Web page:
Results from multiple clinical trials have shown that IA-HA is a safe and effective therapy for treatment of OA knee pain that provides sustained symptom relief following a single injection series [4-9]. Data from several clinical studies also show that patients may benefit from repeated injection series.In recent years, outcome measurements of clinical trials have expanded to include the assessment of the degree to which patients attain a more effective life by preserving function and restoring well-being. The impact of a disease, condition, or treatment on dimensions of functioning and well-being can be determined using a specific HRQoL instrument [10]. Although the efficacy of IA-HA for the relief of pain and disability caused by knee OA has been demonstrated, few studies have investigated the impact of IA-HA therapy on general HRQoL. Information about the HRQoL impact of a therapy may also be an important factor for determining the therapy’s overall value from a health economics perspective [11-13].

The SF-36v2® Health Survey and its predecessor, the SF-36®, are among the most widely used health status assessment tools used in clinical trials [13]. There is substantial evidence for the effect of nontraumatic hip or knee disorders on general HRQoL as measured by the SF-36 [14]. Pooled estimates from 40 studies revealed that patients with hip and knee OA scored up to 2.5 standard deviations below reference population values, especially on the physical domains of the SF-36 [14]. In OA clinical trials, the bodily pain (BP) domain of the SF-36 is commonly used as one of the indicators for pain relief, and both the physical composite score (PCS) and physical function (PF) score of the SF-36 are commonly used as measures of disability [15]. A large population-based survey by Ware et al. reported considerable differences between healthy adults and OA patients in mean PCS (55.33 vs. 38.30), PF (54.76 vs. 38.81), and BP scores (55.59 vs. 39.83, respectively) [16].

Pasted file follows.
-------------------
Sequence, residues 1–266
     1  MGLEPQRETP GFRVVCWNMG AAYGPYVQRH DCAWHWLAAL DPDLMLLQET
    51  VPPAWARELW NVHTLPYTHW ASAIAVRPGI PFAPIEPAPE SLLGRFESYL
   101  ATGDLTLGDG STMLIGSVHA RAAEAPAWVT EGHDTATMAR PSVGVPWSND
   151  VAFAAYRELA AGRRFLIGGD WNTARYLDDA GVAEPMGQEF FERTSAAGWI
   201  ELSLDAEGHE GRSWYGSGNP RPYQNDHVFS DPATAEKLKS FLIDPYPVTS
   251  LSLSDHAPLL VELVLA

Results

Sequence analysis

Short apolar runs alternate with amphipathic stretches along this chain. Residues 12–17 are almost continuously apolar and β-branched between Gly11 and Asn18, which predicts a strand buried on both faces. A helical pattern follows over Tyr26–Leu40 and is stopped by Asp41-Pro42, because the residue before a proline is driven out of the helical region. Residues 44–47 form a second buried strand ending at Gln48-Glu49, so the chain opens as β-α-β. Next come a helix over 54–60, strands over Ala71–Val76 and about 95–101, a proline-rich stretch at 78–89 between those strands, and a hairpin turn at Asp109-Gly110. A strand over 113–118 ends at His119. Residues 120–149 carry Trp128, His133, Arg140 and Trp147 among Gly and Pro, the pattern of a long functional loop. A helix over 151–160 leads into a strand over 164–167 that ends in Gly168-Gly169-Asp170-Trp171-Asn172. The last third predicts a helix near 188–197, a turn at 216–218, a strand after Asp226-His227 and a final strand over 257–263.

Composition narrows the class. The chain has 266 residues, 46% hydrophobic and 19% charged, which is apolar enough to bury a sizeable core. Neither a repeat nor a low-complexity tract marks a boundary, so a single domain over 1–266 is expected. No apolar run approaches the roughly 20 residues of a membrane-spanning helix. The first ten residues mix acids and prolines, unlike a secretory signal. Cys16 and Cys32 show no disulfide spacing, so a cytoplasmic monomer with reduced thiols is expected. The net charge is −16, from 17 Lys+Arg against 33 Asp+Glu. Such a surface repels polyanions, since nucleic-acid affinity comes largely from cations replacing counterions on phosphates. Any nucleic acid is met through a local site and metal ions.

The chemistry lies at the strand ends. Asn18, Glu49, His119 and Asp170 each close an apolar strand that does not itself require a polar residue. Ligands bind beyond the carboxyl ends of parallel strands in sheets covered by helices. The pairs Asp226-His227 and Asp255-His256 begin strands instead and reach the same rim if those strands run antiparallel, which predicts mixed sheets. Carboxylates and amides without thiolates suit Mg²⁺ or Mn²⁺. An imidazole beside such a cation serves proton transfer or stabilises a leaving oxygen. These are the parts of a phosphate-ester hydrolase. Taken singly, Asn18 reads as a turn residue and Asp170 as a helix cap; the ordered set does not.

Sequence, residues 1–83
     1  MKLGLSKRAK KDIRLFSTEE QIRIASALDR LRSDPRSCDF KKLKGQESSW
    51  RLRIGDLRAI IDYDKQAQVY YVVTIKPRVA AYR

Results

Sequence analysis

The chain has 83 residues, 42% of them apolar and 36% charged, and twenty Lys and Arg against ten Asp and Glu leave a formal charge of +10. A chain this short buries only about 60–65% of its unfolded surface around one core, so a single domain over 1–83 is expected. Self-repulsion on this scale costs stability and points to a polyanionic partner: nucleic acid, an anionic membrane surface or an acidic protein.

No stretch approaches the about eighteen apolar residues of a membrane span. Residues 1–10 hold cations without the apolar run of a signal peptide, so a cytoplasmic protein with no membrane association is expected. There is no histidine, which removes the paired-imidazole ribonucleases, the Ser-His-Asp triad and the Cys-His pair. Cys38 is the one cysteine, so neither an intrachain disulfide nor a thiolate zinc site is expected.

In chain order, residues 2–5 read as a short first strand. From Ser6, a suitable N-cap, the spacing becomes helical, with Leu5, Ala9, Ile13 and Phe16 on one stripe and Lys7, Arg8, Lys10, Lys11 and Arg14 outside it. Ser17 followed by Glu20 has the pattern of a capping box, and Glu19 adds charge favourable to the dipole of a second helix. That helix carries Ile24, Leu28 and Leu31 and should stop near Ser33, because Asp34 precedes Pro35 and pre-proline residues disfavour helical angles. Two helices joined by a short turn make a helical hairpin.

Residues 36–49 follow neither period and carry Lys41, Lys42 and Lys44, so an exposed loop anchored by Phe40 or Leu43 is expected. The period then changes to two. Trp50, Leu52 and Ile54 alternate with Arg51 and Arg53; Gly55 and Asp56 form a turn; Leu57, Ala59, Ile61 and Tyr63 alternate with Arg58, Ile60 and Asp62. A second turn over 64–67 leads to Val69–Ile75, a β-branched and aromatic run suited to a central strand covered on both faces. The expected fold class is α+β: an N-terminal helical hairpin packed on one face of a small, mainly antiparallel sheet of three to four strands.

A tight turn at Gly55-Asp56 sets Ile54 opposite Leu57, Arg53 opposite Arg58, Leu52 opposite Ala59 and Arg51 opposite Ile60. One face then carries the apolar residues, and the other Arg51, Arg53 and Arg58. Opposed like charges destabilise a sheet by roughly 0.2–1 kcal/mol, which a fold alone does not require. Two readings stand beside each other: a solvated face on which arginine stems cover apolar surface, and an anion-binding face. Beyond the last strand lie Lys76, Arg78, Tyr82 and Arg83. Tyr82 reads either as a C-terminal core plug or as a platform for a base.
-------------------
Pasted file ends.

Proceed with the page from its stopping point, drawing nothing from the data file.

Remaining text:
This study investigated whether the clinical efficacy of IA-BioHA reported earlier also translates into significant improvement in patients’ general HRQoL using the SF-36v2 (acute survey form with 7-day recall) and evaluated the durability of improvement in PF observed at week 26 of the FLEXX Trial by assessing the PF score at week 52 for patients who received a second course of 3 weekly injections of IA-BioHA during the FLEXX Trial Extension Study

Methods

Data source and description of the FLEXX trial and extension study

The FLEXX Trial and the FLEXX Trial Extension study have been published elsewhere. Briefly, the FLEXX Trial was a randomized, double-blind, multicenter, IA-SA–controlled study investigating efficacy and safety of EUFLEXXA® (1% sodium hyaluronate) for the treatment of patients with mild to moderate knee pain from OA conducted in the United States [17]. The primary efficacy outcome measure was the difference in least-squares means between IA-BioHA and IA-SA in each subject’s change in knee pain from baseline to week 26 on a 100-mm visual analog scale (VAS) following a 50-foot walk test. All adverse events (AEs) were recorded at each visit or interview to assess safety.

The FLEXX Trial Extension Study was a multicenter, open-label 26-week trial designed to assess safety of a repeated series of 3 weekly IA-BioHA injections. Patients who completed the FLEXX Trial and who elected to participate in the Extension Study remained without knowledge of whether they received IA-SA or IA-BioHA in the initial series of injections, and received either an initial course of IABioHA injections if they received IA-SA in the FLEXX Trial (n=219) or a second course of IA-BioHA injections (n=214) [18]. SF-36 was evaluated at week 52.

Outcome measures and assessments

The SF-36v2 consists of a 36-item self-report inventory [16]. This patient-reported outcome measure assesses health-related limitations in eight domains: PF, role limitations due to physical health (rolephysical, RP), bodily pain (BP), general health perceptions (GH), vitality (VT), social functioning (SF), role limitations due to emotional problems (role-emotion, RE), and mental health (MH). Two summary scores, the PCS and the mental component summary (MCS), can also be calculated from the eight domain scores (scale scores) [19]. SF-36 scores were measured using the acute form with 7-day recall at baseline (week 0) and at weeks 12 and 26 of the FLEXX Trial and at baseline (week 26) and completion (week 52) of the Extension Study.

Summary of findings from the FLEXX trial and extension study

At the end of FLEXX Trial, the intent-to-treat population included 295 patients in the IA-SA and 291 in the IA-BioHA groups. Sixty-three percent (63%) of the study population was female, with mean age of 61.6 years and body mass index of 32.7. At baseline of the FLEXX Trial (week 0), approximately 40% of patients in each group had Kellgren- Lawrence radiographic grade 2, and about 60% had radiographic grade 3 OA of the knee. Mean baseline pain scores were 54.7 and 55.6 in in the IA-SA and the IA-BioHA groups, respectively. There were no statistical differences in demographics between the two groups at baseline [17].